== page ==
Monomita Nag, 35, a community resource person, instructing pregnant women on dietary diversity using a ‘tiranga’ booklet. Dhana Anjaria (second from right) went from weighing 41 kg to 54 kg after following Nag’s advice
Koraput and Angul, Odisha: Mild winter sunlight streamed through the banyan trees under which Dhana Anjaria sat cross-legged with two other pregnant women of Dumuriput village in Koraput district, 500 km west of state capital Bhubaneswar. They were listening with rapt attention to tips on nutrition for pregnant women.
Monomita Nag, 35, a community resource person (CRP), was instructing the group on the importance of dietary diversity using a booklet coloured orange, green and white. These are the colours of the tiranga (the Indian flag), but Anjaria, who knew the booklet by heart, had decoded other meanings from it. “Orange is for milk, egg, meat and pulses, white for roots, tubers and cereals, and green is for vegetables,” said Anjaria, 21, seven months pregnant with twins.
Anjaria had conceived within the first year of marriage. She could have been among half of all Indian women who are anaemic, and one-fifth who are thin. But she is neither, and also confident that her children will be born healthy.
The nutrition advice she was getting from Nag started long before her pregnancy. It began during a meeting she had with Nag as a newly-wed along with her husband. Anjaria’s mid-upper arm circumference (MUAC) -- used as a rapid assessment of her nutritional status -- measured 22cm. (An MUAC under 23 cm indicates risk of malnutrition in women.)
Anjaria followed Nag’s advice, went from eating twice a day to four times, including non-vegetarian foods, and also started resting more. She was particular about not skipping her calcium or iron folic acid tablets. Over months, her weight increased from 41 kg to 54 kg.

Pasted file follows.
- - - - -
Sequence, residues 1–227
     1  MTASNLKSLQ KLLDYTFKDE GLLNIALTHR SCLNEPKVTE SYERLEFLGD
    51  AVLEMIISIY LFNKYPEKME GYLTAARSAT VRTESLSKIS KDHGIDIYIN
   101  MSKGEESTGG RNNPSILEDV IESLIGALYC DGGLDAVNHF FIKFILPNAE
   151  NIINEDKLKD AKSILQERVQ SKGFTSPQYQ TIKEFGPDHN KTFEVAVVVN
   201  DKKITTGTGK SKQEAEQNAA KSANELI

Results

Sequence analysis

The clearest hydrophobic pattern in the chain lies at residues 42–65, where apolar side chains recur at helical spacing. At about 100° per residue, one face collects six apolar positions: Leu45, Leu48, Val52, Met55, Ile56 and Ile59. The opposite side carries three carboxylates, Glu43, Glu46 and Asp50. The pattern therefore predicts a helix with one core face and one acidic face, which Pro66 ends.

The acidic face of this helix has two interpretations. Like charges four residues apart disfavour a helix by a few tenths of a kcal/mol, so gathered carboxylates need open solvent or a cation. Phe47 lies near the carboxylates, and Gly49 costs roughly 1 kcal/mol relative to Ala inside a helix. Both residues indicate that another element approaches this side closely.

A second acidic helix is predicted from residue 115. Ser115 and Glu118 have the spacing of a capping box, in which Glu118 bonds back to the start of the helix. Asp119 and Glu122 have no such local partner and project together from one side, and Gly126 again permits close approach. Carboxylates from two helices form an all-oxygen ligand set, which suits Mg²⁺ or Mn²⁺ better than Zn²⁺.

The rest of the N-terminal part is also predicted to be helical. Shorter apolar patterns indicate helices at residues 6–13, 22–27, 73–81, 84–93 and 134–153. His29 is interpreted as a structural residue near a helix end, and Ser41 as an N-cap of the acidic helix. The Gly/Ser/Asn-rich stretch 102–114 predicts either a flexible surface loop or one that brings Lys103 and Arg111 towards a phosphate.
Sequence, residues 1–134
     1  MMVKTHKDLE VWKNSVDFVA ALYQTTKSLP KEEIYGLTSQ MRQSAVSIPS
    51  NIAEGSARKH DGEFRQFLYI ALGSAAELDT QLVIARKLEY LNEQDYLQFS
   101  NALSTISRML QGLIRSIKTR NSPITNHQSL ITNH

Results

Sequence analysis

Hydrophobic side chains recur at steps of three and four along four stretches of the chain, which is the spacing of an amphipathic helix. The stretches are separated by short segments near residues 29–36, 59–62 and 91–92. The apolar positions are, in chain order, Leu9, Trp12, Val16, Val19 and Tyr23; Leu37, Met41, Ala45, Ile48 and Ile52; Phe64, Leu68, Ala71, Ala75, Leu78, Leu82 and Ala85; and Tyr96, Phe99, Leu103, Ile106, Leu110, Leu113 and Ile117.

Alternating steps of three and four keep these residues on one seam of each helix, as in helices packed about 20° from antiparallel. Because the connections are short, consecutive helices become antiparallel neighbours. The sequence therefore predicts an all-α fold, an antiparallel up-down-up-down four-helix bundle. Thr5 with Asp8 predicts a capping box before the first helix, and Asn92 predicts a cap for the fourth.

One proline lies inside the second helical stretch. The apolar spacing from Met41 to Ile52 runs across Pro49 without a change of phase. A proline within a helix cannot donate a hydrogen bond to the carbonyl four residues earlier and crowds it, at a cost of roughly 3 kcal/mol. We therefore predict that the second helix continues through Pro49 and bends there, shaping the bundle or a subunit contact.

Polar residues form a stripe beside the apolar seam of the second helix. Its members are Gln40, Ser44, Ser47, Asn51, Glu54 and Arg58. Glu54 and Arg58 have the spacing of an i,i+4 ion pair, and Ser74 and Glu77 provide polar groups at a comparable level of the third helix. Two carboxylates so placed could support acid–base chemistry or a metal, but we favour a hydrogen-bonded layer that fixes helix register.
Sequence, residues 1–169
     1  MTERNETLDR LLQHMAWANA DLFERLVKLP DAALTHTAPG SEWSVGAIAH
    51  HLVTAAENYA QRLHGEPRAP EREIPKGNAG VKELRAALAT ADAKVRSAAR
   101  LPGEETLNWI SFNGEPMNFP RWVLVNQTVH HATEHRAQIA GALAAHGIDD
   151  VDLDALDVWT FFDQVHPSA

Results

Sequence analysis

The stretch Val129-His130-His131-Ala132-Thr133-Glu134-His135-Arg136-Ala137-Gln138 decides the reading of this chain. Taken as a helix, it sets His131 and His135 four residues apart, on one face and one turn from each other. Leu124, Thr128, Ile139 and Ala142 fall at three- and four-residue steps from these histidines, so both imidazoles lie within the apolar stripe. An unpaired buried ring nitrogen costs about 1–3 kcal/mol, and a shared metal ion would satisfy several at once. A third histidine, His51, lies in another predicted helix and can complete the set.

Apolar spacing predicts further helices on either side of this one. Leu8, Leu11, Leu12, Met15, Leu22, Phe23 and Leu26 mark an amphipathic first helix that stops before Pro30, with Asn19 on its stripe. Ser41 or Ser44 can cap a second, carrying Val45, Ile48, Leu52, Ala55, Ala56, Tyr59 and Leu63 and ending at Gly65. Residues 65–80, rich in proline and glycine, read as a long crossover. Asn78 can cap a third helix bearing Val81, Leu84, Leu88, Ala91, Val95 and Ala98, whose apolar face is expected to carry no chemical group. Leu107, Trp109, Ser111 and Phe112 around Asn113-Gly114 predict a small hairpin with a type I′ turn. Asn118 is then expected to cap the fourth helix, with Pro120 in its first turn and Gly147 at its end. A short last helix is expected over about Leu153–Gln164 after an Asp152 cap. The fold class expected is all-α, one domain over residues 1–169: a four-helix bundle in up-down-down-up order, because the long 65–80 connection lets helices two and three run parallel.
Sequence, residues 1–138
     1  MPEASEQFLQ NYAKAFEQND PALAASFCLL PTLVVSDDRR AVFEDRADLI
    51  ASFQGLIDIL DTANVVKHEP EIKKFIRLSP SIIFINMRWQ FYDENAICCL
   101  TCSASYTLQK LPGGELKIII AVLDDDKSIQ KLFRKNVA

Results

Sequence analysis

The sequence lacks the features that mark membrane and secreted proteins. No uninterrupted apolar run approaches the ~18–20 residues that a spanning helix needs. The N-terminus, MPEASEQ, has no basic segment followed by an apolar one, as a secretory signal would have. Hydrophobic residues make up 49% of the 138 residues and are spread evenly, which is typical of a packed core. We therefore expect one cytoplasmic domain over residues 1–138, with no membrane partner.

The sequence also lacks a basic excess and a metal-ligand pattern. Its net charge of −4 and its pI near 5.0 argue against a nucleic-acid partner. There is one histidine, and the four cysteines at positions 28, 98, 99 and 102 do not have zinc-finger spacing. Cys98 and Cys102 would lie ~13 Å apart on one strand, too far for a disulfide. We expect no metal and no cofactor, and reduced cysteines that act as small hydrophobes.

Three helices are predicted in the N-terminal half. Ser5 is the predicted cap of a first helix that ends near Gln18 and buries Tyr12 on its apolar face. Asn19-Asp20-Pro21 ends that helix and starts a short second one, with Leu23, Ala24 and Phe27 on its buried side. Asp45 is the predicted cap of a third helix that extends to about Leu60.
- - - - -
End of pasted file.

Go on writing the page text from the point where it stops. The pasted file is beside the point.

Nag conducts monthly meetings in the village of self-help groups on microfinance activities as a part of the Odisha Livelihood Mission, started in 2006, its an autonomous body under the panchayati raj department that implements diversified livelihoods to reduce rural poverty.
Women’s collectives have proved effective in driving nutritional outcomes earlier too -- the idea has been implemented along with economic empowerment through community conditional cash transfer programmes in Indonesia, Bangladesh and Nepal.
In India, this strategy was adopted in Kerala’s Kudumbashree programme, Andhra Pradesh’s Society for Elimination of Rural Poverty Project , in parts of Telangana and Jamkhed (Maharashtra) too. “Without health, livelihood [programmes] cannot work,” said Saroj Kumar, block project manager, OLM, Angul. “Most poor lose a lot of money in [buying] medicines. When they save this money, they can save it or use it for income generation.”
IndiaSpend visited Koraput and Angul districts to understand how it Swabhimaan is being implemented as a part of OLM and to study its impact. We found behavioural change and increased knowledge about health and nutrition among adolescents and women in villages covered by the project.
Why self-help works